Canadian serial killer Clifford Olson, the “Beast of BC”, is dead. Olson, who killed 11 children and youths between the ages of 9 and 18 years old in the early 1980s, died of cancer on Friday. He was apprehended, tried and found guilty of torturing, sexually assaulting and killing eight girls and three boys. Olson was sentenced in 1982 to 11 concurrent life sentences. He spent the rest of his life in prison until cancer took his life at age 71.
Cancer was Olson’s death penalty
In many U.S. states, Olson would surely have been executed for his crimes. In Canada, where the death penalty was abolished in 1976, that wasn’t an option. There was no doubt about his guilt. He even helped the police to locate the bodies of the victims they had not recovered (for which his wife received a controversial payment of $100,000).† Olson never showed any remorse, has since claimed to have committed between 80 and 200 murders, and even admitted that he would likely kill again if released.
While in custody, Olson contracted colon cancer. He was operated on for colon cancer in 2004 and went into remission. In September 2011, the media reported that Olson had terminal cancer and had been transferred from prison to a hospital in Laval, Quebec where he died on September 30, 2011. Cancer was his death penalty.
The Canadian government didn’t need to murder Olson. Ensuring that he spent the remainder of his life in prison, designated as a dangerous offender, was sufficient to protect the public. The fact that the death penalty isn’t even an option in Canada ensures that people like Troy Davis, who may have been innocent, are never executed. We know Olson was guilty of his crimes, but there are other people who are found guilty where doubt still remains. The justice system is not perfect and execution is a very final solution.
Should we celebrate?
The concept of “an eye for an eye, a tooth for a tooth, a life for a life” brings out the vengeful side of justice. A more humanistic approach to justice would be to focus on protecting the public and correcting and rehabilitating offenders. The death penalty holds no value in that type of an approach to justice. The death penalty is only right if we believe, as a society, that the role of justice is vengeance. Capital punishment, like corporal punishment, legitimizes our own violent impulses under law and perpetuates societal acceptance of violence as a way of dealing with problems.
When Osama bin Laden was killed, people across the United States and around the world rejoiced. People gathered outside the White House waving flags, dancing and celebrating. Is this an appropriate way to act when someone is killed, even if that person was responsible for the deaths of many others? An NPR article examined this question and Christine Korsgaard, a Harvard philosophy professor who was quoted extensively in the article ultimately concluded that:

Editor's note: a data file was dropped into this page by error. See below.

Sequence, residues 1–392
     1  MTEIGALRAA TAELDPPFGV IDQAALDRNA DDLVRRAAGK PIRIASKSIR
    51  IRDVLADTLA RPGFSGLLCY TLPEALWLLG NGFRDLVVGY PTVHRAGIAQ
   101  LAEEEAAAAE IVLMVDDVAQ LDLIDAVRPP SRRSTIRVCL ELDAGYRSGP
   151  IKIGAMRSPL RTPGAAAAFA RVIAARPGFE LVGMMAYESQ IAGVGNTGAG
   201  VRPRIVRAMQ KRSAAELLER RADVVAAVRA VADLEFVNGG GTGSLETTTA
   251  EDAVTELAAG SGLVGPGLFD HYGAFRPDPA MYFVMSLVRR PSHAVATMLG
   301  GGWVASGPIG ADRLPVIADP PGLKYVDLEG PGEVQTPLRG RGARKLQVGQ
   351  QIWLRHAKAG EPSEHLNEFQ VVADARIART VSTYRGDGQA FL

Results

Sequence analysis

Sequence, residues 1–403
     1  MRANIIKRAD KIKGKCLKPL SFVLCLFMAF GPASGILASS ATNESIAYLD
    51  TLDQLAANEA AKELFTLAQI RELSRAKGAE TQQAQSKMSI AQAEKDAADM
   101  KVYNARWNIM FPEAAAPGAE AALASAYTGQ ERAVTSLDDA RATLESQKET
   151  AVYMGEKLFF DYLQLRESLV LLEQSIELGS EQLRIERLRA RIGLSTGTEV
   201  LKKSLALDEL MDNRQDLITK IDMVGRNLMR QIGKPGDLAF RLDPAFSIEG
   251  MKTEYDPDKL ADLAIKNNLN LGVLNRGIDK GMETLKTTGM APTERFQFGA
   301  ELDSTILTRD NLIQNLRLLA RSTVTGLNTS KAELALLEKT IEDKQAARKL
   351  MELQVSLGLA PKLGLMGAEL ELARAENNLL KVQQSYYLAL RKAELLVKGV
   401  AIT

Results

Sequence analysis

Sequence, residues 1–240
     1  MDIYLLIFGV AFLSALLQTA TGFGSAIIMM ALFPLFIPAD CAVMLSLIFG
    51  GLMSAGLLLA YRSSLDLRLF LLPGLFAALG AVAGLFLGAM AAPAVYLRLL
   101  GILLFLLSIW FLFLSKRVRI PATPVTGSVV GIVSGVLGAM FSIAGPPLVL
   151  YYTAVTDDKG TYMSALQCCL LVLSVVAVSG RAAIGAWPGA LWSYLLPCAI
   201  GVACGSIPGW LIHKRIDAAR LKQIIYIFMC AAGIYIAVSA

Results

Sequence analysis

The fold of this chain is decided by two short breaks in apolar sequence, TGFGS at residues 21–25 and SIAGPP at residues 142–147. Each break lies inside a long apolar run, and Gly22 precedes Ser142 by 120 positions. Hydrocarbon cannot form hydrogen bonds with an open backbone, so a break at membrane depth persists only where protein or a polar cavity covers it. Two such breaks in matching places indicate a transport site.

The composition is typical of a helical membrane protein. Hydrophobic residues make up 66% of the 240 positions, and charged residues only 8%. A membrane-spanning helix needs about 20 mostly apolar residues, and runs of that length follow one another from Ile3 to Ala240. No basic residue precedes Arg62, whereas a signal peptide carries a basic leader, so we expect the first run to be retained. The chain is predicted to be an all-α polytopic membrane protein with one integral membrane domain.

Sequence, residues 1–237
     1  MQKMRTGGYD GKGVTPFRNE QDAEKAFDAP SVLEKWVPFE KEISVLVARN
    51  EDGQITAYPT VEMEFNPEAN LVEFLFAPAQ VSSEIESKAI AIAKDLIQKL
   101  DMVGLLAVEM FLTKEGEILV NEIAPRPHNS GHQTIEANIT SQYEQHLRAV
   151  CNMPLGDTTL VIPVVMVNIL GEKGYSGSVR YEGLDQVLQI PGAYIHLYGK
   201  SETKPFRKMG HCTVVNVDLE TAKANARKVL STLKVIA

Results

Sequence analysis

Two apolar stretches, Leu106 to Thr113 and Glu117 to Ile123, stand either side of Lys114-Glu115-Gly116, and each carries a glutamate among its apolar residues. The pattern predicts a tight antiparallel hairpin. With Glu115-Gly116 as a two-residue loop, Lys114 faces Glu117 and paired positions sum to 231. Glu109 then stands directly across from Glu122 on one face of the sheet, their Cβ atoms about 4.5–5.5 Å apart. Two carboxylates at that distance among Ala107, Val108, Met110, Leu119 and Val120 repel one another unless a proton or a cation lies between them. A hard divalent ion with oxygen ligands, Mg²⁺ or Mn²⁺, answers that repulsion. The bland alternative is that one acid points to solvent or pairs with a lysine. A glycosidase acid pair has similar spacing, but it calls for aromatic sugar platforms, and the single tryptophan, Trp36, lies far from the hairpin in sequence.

If we have any feeling of victory or triumph in the case, it should be because we have succeeded in disabling him ó not because he is dead.
That triumph could equally have been achieved by apprehending Bin Laden. Ultimately, for Olson, we should have been celebrating the guilty verdict in 1982, but not his death.
Perhaps relief is the appropriate reaction
Some victims and families of victims feel like the death of offenders bring them peace. Sharon Rosenfeldt, the mother of one of Olson’s victims told the Montreal Gazette:
I feel like I haven’t been able to put him to rest, and maybe our little boy can have some peace now. It is like a grieving session 30 years later, like we have to let go of Daryn all over again.
That is certainly understandable, especially since Olson had a parole hearing every couple of years during which the families had to present their victim impact statements. Those hearings brought out the painful memories again and, although Olson’s chances of being granted parole were virtually non-existent, the remote possibility of it happening must have been gut wrenching for everyone involved.
With Olson in jail, I felt pretty certain that he was no longer a threat to the public. I feel the same way about other killers like Paul Bernardo and Russell Williams (who coincidentally went to college together). There is, of course, the remote chance that they will escape or be paroled, but ultimately I trust the justice system to protect us.
Perhaps instead of celebrating Olson’s death, we can be relieved that he is no longer among us, that he can no longer taunt the public and the families of his victims, and that there is no possibility he can ever harm the public again.
How do you react to the death of mass murderers and serial killers? Do you celebrate?
Photo credit: Mo Kaiwen on flickr
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